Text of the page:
9 a.m. Breakfast
Two Sisters Bakery is a perennial favorite among locals and visitors. Not only is it impossibly charming, with funky, colorful decor and a neighborhood vibe, but their cinnamon rolls, house-made granola, and bagels with smoked salmon cream cheese will make you toss your well-intentioned diet to the wayside. Otherwise there’s Fresh Sourdough Express, a bakery and cafe that serves local and organic foodstuffs. Try the huevos rancheros or sourdough french toast.
11 a.m. Explore the Homer Spit
Colloquially called “The Spit,” it’s a 4.5-mile-long sandbar that pokes into Kachemak Bay. The lone street is lined with fish and chips eateries, handicraft and fine art stores, and fishing tour offices. Tootle around the small-boat harbor, go beachcombing, pay your respects at the Seafarer’s Memorial, pop into the shops, keep an eye out for bald eagles, and marvel at the monstrous halibut waiting to be filleted. Should you grow thirsty, duck into the Salty Dawg Saloon for their namesake beverage. Be sure to pin a dollar to the wall.
2 p.m. Learn something
There are couple of different cultural and historical centers in Homer, including the Pratt Museum (focusing on Alaska Native artifacts, area wildlife, and the Exxon oil spill), the Center for Alaskan Coastal Studies (an ode to Kachemak Bay’s ecosystem), and the Carl E Wynn Nature Center (which school guests on nature on their boardwalked nature trails). Pick the one that meets your interests and get to know the 49th state a little better.
4 p.m. Refresh with a beverage
Homer is now home to two craft breweries: Homer Brewing Company and Grace Ridge Brewing. Each has their merits – the former is older, having been around since 1996 (plus there’s a stuffed bear in a top hat playing a banjo on the premises), but that latter is more philanthropic, as the family-owned and operated brewery donates their tips to different local groups and charities each month. If you can’t decide which to visit, they are within walking distance of each other. Or if you’re not into hops and malts, Bear Creek, a winery that specializes in fruit wines, is just up the road.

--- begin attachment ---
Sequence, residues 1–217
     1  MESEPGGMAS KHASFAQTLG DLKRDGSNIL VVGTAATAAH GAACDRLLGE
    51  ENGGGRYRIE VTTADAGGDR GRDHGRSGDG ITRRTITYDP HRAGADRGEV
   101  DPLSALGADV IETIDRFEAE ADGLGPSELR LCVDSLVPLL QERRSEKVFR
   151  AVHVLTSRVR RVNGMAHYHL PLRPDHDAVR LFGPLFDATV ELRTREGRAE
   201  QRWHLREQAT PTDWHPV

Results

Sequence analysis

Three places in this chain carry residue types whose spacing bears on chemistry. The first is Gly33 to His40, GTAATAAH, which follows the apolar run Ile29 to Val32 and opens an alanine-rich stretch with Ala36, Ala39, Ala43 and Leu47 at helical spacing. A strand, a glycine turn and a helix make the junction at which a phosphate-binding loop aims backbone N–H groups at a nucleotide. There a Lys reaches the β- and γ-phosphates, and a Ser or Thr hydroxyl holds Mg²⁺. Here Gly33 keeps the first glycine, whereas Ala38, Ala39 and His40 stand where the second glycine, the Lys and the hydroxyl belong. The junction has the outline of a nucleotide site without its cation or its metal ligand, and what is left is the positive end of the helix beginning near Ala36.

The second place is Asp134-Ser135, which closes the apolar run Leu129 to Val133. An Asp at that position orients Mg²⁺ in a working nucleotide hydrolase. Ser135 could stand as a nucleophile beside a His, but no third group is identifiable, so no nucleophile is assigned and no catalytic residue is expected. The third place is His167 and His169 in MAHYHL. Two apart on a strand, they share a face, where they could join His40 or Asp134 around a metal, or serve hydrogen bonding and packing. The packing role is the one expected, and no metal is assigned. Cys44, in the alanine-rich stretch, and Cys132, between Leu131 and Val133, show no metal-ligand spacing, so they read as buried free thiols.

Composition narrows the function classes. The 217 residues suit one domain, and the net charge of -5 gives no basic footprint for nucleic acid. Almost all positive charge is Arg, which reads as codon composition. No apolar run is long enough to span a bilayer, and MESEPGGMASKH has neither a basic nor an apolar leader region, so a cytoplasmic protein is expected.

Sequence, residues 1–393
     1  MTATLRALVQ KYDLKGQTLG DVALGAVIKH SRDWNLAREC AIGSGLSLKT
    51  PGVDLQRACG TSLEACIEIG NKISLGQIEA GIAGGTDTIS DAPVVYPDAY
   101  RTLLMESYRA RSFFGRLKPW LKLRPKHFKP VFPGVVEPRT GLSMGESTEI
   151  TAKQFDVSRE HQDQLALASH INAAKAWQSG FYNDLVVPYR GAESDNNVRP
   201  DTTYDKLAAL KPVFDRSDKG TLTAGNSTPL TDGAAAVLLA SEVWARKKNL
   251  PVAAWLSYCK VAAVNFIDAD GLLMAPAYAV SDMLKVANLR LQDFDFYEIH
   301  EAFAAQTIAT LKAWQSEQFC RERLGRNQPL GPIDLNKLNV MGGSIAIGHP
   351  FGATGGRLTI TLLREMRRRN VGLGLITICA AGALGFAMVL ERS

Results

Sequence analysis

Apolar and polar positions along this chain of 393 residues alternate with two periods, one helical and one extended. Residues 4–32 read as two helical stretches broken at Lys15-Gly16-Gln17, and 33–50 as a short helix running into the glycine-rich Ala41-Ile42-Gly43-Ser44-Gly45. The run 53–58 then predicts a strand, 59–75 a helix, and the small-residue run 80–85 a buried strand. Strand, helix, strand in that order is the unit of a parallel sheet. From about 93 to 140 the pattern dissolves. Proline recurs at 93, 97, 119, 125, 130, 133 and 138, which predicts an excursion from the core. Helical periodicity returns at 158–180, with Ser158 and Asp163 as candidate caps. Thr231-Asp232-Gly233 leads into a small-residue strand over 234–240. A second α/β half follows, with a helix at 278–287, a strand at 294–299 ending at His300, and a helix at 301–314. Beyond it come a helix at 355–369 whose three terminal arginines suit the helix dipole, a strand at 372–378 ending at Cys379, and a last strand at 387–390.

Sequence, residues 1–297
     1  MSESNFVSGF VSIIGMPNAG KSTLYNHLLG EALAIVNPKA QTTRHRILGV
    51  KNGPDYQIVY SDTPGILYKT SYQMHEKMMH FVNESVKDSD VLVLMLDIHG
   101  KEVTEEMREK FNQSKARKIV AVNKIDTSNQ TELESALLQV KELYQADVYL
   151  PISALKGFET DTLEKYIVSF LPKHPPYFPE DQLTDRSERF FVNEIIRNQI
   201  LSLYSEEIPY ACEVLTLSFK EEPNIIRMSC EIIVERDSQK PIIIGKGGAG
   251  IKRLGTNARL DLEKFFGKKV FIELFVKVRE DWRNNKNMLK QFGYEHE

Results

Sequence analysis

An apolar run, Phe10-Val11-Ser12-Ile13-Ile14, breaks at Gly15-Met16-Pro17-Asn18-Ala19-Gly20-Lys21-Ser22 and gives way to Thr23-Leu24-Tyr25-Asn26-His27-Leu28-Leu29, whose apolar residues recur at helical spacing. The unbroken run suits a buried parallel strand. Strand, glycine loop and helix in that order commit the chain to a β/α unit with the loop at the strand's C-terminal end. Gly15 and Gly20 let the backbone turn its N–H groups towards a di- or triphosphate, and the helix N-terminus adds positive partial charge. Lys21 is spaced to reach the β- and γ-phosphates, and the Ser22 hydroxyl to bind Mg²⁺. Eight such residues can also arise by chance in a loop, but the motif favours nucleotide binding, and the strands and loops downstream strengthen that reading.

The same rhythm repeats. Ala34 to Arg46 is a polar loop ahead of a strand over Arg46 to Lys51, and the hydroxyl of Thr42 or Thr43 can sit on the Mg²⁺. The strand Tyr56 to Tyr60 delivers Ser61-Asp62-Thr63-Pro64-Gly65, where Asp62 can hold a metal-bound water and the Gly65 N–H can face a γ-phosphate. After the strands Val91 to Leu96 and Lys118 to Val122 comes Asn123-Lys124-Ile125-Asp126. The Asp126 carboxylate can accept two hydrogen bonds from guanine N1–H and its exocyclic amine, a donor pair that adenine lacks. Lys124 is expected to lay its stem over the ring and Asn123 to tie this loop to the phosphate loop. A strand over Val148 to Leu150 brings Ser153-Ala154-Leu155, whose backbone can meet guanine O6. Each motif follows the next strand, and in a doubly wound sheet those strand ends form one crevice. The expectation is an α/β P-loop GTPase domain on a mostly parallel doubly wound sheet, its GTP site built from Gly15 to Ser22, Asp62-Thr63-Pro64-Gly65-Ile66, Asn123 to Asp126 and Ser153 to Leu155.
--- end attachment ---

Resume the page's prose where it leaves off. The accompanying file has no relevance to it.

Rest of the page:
6 p.m. Dine on local favorites
There is not shortage of good food in Homer. Like wood-fired pizza? Head to Fat Olive’s Restaurant or The Little Mermaid. Got a seafood itch you’re looking to scratch? Cafe Cups is known for having delectable oysters, halibut, prawns, and crab. Feeling carnivorous? AJ’s Oldtown Steakhouse & Tavern has unparalleled steaks and an expansive wine list.
8 p.m. Boogie on
After a long day in Homer, do as the locals do and head to one of the numerous watering holes. Alice’s Champagne Palace has beers ranging from macro domestics to those brewing and distributed only in Alaska, plus, there’s often live music. The Alibi is another place for bands, though its emphasis is more on being a dance club, with reggae bands and DJs. For cheap drinks and dive bar atmosphere, head to the appropriately named Kharacters bar.
8 a.m. Ticking off your bucket list
Day two is for your big bucket list experience. Head out on a halibut charter and try your luck reeling in what guides call a “barn door”-sized fish (don’t forget to enter the halibut charter – catching the biggest fish of the season can net you big money). Or cruise around the bay in a water taxi or kayak, looking for whales, seals, puffins, and more (if you choose this option, consider getting off in Halibut Cove, an artsy hamlet on the other side of the bay). You could also get a bird’s eye view of nearby glaciers, mountains, waterfalls, and wildlife on a flightseeing tour (some operators even go to Katmai Island, which is renowned for its massive brown bear population). Spend the day customizing your own Alaskan adventure.
Whatever tour you choose, it’ll likely eat up much of your day. Spend the rest of your evening hitting up whatever museums, eateries, bars, and stores you didn’t make it to the prior day. If it’s a rare sunny day, find a spot on the beach to watch the sky get painted pink and purple as the sun sets on your trip to Homer.